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Open Access Research article

Cytotoxicity of VEGF121/rGel on vascular endothelial cells resulting in inhibition of angiogenesis is mediated via VEGFR-2

Khalid A Mohamedali1*, Sophia Ran5, Candelaria Gomez-Manzano2, Latha Ramdas3, Jing Xu28, Sehoon Kim19, Lawrence H Cheung1, Walter N Hittelman1, Wei Zhang4, Johannes Waltenberger6, Philip E Thorpe7 and Michael G Rosenblum1

Author Affiliations

1 Departments of Experimental Therapeutics, The University of Texas M. D. Anderson Cancer Center, Houston, TX, USA

2 Departments of Neuro-Oncology, The University of Texas M. D. Anderson Cancer Center, Houston, TX, USA

3 Departments of Experimental Radiation Oncology, The University of Texas M. D. Anderson Cancer Center, Houston, TX, USA

4 Departments of Pathology, The University of Texas M. D. Anderson Cancer Center, Houston, TX, USA

5 Department of Medical Microbiology and Immunology, Southern Illinois University, School of Medicine, Springfield, IL, USA

6 Department of Cardiology and Angiology, University Hospital Münster, Münster, Germany

7 Simmons Comprehensive Cancer Center, The University of Texas Southwestern Medical Center, Dallas, TX, USA

8 The University of Texas Southwestern Medical Center, Dallas, TX, USA

9 GlycoFi/Merck & Co., Inc., Lebanon, NH, USA

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BMC Cancer 2011, 11:358  doi:10.1186/1471-2407-11-358


The electronic version of this article is the complete one and can be found online at: http://www.biomedcentral.com/1471-2407/11/358


Received:19 April 2011
Accepted:17 August 2011
Published:17 August 2011

© 2011 Mohamedali et al; licensee BioMed Central Ltd.

This is an Open Access article distributed under the terms of the Creative Commons Attribution License (http://creativecommons.org/licenses/by/2.0), which permits unrestricted use, distribution, and reproduction in any medium, provided the original work is properly cited.

Abstract

Background

The fusion protein VEGF121/rGel composed of the growth factor VEGF121 and the plant toxin gelonin targets the tumor neovasculature and exerts impressive anti-vascular effects. We have previously shown that VEGF121/rGel is cytotoxic to endothelial cells overexpressing VEGFR-2 but not to endothelial cells overexpressing VEGFR-1. In this study, we examined the basis for the specific toxicity of this construct and assessed its intracellular effects in vitro and in vivo.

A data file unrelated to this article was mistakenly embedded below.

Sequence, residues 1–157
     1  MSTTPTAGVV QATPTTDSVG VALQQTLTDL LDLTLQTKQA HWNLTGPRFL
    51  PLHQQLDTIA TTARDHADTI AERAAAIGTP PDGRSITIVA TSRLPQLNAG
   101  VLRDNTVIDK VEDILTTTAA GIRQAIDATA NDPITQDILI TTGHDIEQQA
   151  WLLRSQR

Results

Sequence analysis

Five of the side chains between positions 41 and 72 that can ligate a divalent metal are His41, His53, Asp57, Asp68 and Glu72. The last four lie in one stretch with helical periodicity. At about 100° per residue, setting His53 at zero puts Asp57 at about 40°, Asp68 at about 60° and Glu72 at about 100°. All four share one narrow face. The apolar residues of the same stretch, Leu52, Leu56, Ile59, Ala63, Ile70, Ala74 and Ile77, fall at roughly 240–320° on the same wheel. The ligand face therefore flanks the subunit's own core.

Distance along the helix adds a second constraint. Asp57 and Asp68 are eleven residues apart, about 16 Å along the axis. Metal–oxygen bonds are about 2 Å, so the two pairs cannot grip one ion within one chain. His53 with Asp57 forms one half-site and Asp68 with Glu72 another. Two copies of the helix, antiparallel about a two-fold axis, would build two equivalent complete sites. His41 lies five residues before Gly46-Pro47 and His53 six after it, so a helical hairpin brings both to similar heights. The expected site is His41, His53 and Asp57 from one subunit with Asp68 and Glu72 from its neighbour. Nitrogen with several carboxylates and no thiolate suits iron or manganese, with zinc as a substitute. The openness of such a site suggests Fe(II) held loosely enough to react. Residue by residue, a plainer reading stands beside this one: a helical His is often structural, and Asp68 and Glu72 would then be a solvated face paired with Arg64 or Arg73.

Methods

We investigated the binding, cytotoxicity and internalization profile of VEGF121/rGel on endothelial cells expressing VEGFR-1 or VEGFR-2, identified its effects on angiogenesis models in vitro and ex vivo, and explored its intracellular effects on a number of molecular pathways using microarray analysis.

Results

Incubation of PAE/VEGFR-2 and PAE/VEGFR-1 cells with 125I-VEGF121/rGel demonstrated binding specificity that was competed with unlabeled VEGF121/rGel but not with unlabeled gelonin. Assessment of the effect of VEGF121/rGel on blocking tube formation in vitro revealed a 100-fold difference in IC50 levels between PAE/VEGFR-2 (1 nM) and PAE/VEGFR-1 (100 nM) cells. VEGF121/rGel entered PAE/VEGFR-2 cells within one hour of treatment but was not detected in PAE/VEGFR-1 cells up to 24 hours after treatment. In vascularization studies using chicken chorioallantoic membranes, 1 nM VEGF121/rGel completely inhibited bFGF-stimulated neovascular growth. The cytotoxic effects of VEGF121/rGel were not apoptotic since treated cells were TUNEL-negative with no evidence of PARP cleavage or alteration in the protein levels of select apoptotic markers. Microarray analysis of VEGF121/rGel-treated HUVECs revealed the upregulation of a unique "fingerprint" profile of 22 genes that control cell adhesion, apoptosis, transcription regulation, chemotaxis, and inflammatory response.

Conclusions

Taken together, these data confirm the selectivity of VEGF121/rGel for VEGFR-2-overexpressing endothelial cells and represent the first analysis of genes governing intoxication of mammalian endothelial cells by a gelonin-based targeted therapeutic agent.

Background

Continuing investigations into the biology of tumor-stromal interactions have identified a number of pathways and events critical to the development and maintenance of tumors and their metastatic spread. Tumor neovascularization is a critical, robust process dependent on the interplay between numerous soluble cytokines, growth factors and their receptors. Targeted therapy focusing on the tumor neovascularization process appears to be a promising approach in this regard [1]. The VEGF-A family of cytokines and their cognate receptors have been identified as key mediators of angiogenesis and endothelial cell proliferation, migration and survival [2-6], and play a central role in the organization of solid tumor vasculature [7,8].